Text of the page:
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Who needs facts when we have so many opinions?

Time Warner's Home Box Office, joined by PepsiCo, is having a bit of trouble celebrating Black History Month in a truthful way. An HBO-Pepsi poster and advertisement honoring black achievement features a large picture of the pyramids, and many smaller images, including one of the Sphinx.

This means that two of America's best-known corporations have officially bought into the historical howler believed by many Afrocentrists: that blacks built the pyramids, and have been robbed of credit for it. Quoting the lyrics of a song, the poster says: "We are the builders of the pyramids, look what you did . . . so much to tell the world, the truth no longer hid . . ."

Worse, this stuff is being injected into the schools. HBO and Pepsi sent the posters, and other materials, to 20,000 predominantly black schools and community groups. So honest teachers in these schools now have to explain the corporate seal of approval given to a historical claim that isn't true.

"Sounds like we need a history lesson," the chairman of HBO said when his Black History poster was described to him. We sure do. Three years ago, for a column on Afrocentrism, I phoned seven Egyptologists at random around the country. All seven said it's not true that ancient Egypt was a black nation.

This is no isolated example. The culture is now seriously plagued with deeply felt assertions that aren't true, but are slowly sliding toward respectability anyway. Think back over the assertions that have won a measure of acceptance in the past year or two: the denial of the Holocaust; Oliver Stone's notion that a vast conspiracy to kill President Kennedy involved the Mafia, the military-industrial complex and many government officials; the idea, depicted in a TV documentary, that a black U.S. Army regiment liberated Dachau and Buchenwald (tough-minded, honest veterans of the regiment stood up and said it wasn't true); and the supposedly strong influence of Iroquois thought on the U.S. Constitution, now taught in many schools.

Behind the rise of rhetoric and pure assertion is a growing contempt for facts. "What we are witnessing is the transformation of facts into opinion," wrote the editors of The New Criterion. Note the number of times that commentators argue that the facts don't really matter. When the Tawana Brawley hoax was revealed, the Nation ran an article saying, "In cultural perspective, if not in fact, it doesn't matter whether the crime occurred or not." The facts were irrelevant, it seems, because Brawley's story line reflected the broader reality that whites have abused blacks over centuries. In other words, forget about facts. Just tell stories that convey emotional truth.

This is the climate HBO and Pepsi responded to, probably without much thought. Under different conditions, the corporations might have been just as willing to assert that the Irish invented jazz and the Cherokee developed Styrofoam.

"We're in a day and age in which I can make any claim I want," says Deborah Lipstadt, a professor at Emory University. "I can say I believe the Buffalo Bills won the Super Bowl. Then I say that it's my opinion and I have a right to it, and you're supposed to back off." Lipstadt should know. She is the author of Denying the Holocaust: The Growing Assault on Truth and Memory.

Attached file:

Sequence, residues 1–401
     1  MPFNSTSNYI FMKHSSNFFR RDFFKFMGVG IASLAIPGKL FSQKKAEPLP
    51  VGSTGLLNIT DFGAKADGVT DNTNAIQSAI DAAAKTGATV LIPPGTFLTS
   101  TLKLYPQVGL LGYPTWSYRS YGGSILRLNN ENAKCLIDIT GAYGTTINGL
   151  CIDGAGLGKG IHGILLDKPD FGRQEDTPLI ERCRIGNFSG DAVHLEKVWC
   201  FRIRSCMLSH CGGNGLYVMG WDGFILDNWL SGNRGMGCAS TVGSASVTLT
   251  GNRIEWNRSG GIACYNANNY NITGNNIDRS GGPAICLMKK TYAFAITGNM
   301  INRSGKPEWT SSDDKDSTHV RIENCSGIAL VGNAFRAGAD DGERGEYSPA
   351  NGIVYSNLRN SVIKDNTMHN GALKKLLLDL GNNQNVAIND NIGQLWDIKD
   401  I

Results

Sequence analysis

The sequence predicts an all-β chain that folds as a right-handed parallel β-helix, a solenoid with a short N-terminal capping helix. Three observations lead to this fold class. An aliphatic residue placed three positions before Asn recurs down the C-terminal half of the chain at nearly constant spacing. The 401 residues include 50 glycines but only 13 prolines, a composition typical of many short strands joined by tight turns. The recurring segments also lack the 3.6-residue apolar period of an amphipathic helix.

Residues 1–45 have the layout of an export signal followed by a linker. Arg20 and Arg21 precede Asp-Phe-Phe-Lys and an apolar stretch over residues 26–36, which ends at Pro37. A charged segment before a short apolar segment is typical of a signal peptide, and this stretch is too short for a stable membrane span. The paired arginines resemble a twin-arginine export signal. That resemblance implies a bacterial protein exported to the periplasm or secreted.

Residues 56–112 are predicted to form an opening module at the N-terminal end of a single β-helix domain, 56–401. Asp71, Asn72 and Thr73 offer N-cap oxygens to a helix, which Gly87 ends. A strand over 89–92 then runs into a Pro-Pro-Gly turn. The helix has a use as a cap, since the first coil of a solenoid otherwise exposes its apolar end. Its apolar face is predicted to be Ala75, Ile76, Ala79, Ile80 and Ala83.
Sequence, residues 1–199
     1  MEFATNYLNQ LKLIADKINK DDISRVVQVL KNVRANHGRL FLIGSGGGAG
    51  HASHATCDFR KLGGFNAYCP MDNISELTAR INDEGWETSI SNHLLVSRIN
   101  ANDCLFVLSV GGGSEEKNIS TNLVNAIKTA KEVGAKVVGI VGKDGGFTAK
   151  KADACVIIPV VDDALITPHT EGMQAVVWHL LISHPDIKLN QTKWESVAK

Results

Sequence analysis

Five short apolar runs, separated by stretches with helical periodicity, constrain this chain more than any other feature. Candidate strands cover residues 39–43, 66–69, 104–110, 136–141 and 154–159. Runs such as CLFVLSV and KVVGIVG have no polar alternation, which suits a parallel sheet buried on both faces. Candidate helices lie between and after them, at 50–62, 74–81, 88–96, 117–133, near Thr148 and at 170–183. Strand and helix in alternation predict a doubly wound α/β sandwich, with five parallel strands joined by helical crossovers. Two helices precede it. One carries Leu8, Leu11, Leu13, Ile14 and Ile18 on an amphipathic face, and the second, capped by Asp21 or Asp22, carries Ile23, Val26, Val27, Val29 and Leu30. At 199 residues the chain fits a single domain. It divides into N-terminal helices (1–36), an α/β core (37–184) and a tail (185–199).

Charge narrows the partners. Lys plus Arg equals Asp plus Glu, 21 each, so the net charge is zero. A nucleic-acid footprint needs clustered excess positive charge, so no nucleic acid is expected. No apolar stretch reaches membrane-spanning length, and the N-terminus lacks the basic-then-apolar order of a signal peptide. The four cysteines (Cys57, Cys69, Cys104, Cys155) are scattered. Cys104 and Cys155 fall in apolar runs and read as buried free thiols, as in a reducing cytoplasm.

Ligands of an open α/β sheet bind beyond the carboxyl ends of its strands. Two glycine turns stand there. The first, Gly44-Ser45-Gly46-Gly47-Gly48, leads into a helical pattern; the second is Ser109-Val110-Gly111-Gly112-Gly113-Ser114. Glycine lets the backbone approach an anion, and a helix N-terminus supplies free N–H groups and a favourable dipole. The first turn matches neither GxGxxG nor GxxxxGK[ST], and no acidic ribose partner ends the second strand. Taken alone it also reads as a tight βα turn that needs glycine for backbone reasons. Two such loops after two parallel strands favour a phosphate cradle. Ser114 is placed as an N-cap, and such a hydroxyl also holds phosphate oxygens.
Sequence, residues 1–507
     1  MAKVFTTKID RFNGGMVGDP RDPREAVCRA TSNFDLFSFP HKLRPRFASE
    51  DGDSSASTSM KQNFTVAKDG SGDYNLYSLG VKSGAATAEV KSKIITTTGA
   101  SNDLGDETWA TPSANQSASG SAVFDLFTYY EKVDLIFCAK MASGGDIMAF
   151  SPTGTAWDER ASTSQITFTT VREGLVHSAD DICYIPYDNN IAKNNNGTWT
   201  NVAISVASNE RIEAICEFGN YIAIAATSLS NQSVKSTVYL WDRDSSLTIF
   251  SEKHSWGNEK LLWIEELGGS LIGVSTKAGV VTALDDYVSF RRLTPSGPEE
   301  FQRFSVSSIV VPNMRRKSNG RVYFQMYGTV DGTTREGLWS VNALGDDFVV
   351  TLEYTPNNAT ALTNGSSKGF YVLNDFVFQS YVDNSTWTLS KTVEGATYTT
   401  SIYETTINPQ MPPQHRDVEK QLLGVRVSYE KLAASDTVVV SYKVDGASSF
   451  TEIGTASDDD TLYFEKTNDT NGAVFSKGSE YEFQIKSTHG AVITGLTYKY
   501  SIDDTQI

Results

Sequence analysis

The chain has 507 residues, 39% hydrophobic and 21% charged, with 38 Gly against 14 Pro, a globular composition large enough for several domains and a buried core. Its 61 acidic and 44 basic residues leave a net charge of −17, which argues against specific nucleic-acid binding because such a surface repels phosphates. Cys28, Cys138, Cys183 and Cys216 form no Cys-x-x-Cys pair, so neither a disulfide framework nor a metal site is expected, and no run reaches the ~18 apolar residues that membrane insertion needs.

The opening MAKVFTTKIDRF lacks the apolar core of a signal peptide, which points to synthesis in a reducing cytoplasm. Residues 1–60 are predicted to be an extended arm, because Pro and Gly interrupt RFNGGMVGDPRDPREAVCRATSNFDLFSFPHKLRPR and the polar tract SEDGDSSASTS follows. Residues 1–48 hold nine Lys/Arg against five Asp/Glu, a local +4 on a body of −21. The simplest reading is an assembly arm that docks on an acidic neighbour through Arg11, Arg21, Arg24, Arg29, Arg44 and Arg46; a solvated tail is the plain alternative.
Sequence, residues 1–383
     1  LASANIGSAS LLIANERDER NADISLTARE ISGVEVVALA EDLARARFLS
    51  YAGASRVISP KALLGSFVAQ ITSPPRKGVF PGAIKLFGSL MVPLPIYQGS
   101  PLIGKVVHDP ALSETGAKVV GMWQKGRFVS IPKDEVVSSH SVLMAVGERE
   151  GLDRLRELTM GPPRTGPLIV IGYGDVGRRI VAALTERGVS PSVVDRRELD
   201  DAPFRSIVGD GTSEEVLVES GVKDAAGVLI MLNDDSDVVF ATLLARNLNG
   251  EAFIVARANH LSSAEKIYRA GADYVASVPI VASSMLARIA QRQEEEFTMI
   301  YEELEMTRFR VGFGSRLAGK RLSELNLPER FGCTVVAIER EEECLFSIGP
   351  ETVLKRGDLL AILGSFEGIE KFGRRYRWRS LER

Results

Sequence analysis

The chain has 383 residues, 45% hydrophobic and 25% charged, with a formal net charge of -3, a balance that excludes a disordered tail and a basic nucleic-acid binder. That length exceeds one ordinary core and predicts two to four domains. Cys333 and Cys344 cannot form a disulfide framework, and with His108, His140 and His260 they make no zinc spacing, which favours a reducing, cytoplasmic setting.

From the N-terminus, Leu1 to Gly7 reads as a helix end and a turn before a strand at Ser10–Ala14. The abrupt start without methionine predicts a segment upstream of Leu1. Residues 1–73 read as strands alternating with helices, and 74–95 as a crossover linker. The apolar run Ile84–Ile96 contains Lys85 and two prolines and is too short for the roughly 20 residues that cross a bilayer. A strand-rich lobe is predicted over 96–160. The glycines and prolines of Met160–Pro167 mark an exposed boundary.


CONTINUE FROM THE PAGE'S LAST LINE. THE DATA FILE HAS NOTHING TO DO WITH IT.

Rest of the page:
The Nazi slaughter of 6-million Jews is exhaustively documented. Many of the killers, survivors and soldiers who liberated the camps are still alive. Yet the people who deny that the Holocaust occurred have made great headway, simply by stating their claim loudly and often. A Gallup Poll last month showed that 33 percent of Americans think it seems possible that the Nazi extermination of Jews never happened.

"Good students come in and ask, 'How do we know there were gas chambers?' " Lipstadt says. "Not that they become deniers, but what happens is that in a subtle way, the attackers put history on the defensive." Denial slowly becomes just one more familiar and alternate way of thinking about Jews and Nazis. In a talk-show culture, all talkers have equal status, flat-earthers and round-earthers, Holocaust deniers and Holocaust historians, people who speak regularly to interplanetary aliens and people who don't.

Holocaust denial is only the most spectacular example of a broader assault on knowledge, facts and memory that is sweeping through the culture. A lot of it comes from some disastrous intellectual trends on campus. Deconstruction and its allied movements say that knowledge is constructed, texts are biased. Values and truth are nothing more than arbitrary products of a particular group. History is not true, merely a story imposed by the powerful on the weak. (Time Warner managed to pick up this theme in a Warner Bros. Records ad celebrating Black History Month. "History is written by the winners," the ad said, a quote from Alex Haley.)

At the extreme, some of these theories say there is no external reality at all, merely consciousness, and some say that personal experience or stories are the only source of truth. This is all intellectual junk, but it's having a profound effect in the real world. Everything is up for grabs now. Like the black veterans who blew the whistle on the false TV documentary, it's important for honest people to take a stand and not let lies slide by. Otherwise reasoned discussion in America will descend further into a fact-free opinion fest.

Universal Press Syndicate